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Posts from the President Vol 20
2015-06-17
 
“Social impact investing” is a term that I have encountered in my work as president of Providence. It refers to investments that make a positive difference in society and offer a financial return to the investor. A friend recently introduced me to MEDA, the Mennonite Economic Development Associates and its magazine The Marketplace. MEDA and The Marketplace provide lots of good examples of social impact investing. On the ground, a good example is micro-financing for startup businesses in poverty-stricken areas. I think social impact investing is a great concept and practice.
 
Another term I run across is “social impact philanthropy.” Most philanthropy makes some sort of social impact. But the term is generally used for philanthropy geared toward helping people become more self-sufficient. The old saying goes, “Give a person a fish and you feed him for a day. Teach a person to fish and you feed him for a lifetime.” Social impact philanthropy teaches people to fish, or sew, or weld or fix cars.
 
I wonder if there is another term that describes a tertiary type of philanthropy. If giving a person a fish is primary, and teaching a person to fish is secondary, what do we call the tertiary level when we help a person open a fishing school, so that we feed not just a person for a lifetime, but a whole village for generations? This sort of philanthropy sees the need for cultural change that comes through understanding history, science, psychology, ethics, management, etc.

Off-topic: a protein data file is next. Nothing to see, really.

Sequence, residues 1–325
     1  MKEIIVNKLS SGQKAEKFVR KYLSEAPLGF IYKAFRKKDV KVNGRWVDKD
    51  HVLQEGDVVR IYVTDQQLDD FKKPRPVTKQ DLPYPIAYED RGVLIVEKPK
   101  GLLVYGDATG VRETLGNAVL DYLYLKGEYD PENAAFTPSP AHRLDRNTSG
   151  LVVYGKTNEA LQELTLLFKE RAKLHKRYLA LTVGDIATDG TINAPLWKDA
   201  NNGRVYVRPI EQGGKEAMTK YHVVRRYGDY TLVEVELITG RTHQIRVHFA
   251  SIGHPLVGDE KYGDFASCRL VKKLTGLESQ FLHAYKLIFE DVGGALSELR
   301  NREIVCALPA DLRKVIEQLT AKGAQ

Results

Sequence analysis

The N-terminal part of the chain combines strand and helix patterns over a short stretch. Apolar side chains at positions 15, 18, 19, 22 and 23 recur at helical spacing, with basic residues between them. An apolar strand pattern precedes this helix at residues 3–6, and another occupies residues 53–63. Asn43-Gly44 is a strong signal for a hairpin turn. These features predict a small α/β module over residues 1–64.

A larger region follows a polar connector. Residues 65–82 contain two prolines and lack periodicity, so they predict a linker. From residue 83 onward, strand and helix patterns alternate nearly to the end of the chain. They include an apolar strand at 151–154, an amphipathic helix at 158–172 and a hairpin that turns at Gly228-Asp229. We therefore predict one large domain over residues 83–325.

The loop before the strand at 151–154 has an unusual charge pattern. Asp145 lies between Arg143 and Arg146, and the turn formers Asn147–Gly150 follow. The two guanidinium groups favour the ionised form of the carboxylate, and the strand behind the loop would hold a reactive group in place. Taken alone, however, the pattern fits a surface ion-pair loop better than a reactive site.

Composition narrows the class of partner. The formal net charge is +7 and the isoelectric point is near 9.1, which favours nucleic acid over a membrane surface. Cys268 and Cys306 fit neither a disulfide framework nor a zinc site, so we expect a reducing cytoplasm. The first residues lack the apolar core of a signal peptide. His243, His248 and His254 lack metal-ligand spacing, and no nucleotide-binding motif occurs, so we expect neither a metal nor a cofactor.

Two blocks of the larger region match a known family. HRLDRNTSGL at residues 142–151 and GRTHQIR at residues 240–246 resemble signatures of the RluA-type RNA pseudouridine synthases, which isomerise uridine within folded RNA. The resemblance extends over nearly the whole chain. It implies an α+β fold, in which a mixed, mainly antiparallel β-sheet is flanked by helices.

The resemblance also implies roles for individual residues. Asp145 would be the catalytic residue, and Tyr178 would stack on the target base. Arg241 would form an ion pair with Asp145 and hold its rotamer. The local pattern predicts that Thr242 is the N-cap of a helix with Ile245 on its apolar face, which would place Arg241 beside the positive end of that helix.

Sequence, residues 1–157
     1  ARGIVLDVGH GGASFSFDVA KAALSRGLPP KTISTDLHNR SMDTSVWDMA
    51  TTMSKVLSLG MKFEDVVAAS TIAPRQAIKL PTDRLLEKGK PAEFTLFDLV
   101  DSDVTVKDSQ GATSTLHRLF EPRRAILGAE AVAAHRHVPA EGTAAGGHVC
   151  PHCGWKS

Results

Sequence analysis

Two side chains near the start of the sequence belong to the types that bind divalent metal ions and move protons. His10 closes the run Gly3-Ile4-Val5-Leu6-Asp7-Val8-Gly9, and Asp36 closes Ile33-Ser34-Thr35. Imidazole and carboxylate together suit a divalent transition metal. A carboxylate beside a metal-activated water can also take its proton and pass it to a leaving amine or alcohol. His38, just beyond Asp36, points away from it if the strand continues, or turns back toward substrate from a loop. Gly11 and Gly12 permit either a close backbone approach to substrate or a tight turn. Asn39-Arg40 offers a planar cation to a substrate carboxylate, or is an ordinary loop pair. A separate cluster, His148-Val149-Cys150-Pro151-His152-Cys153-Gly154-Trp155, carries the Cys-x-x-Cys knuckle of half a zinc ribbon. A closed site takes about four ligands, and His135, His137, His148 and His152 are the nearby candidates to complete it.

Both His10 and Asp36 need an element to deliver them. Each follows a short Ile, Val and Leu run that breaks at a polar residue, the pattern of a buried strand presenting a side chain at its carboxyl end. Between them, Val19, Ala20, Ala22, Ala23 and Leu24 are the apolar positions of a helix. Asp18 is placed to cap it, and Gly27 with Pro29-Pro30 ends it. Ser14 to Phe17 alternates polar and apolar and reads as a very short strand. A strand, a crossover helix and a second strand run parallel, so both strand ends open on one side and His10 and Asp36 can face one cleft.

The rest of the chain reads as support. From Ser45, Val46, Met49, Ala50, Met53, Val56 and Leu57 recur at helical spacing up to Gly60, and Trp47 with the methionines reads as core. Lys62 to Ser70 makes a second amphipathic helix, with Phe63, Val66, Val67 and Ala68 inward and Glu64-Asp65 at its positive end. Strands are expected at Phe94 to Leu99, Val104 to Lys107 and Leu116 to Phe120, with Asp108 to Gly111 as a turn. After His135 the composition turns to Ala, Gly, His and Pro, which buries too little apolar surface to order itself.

As a university president I see the need for all three types of philanthropic activity. People face disasters like earthquakes, tsunamis and the ravages of war. They need immediate help. Others need to learn the rudiments of self-sufficiency in the modern world. If society is to improve, we also need to invest in the future through higher levels of education and training. All three types of philanthropic investments are important.
 
Let me add one more type of investment. As the president of a Christian university, I also see the need for “spiritual impact philanthropy.” I believe that at the roots of making the world a better place is the radical spiritual change that takes place in a person and a society that comes to know and worship their Creator. It has been shown again and again for 2,000 years that the gospel of Jesus Christ impacts individuals and villages and whole cultures.
 
In sum, it is important that we see the value of all kinds of philanthropic investments: primary, secondary, tertiary and spiritual.
 
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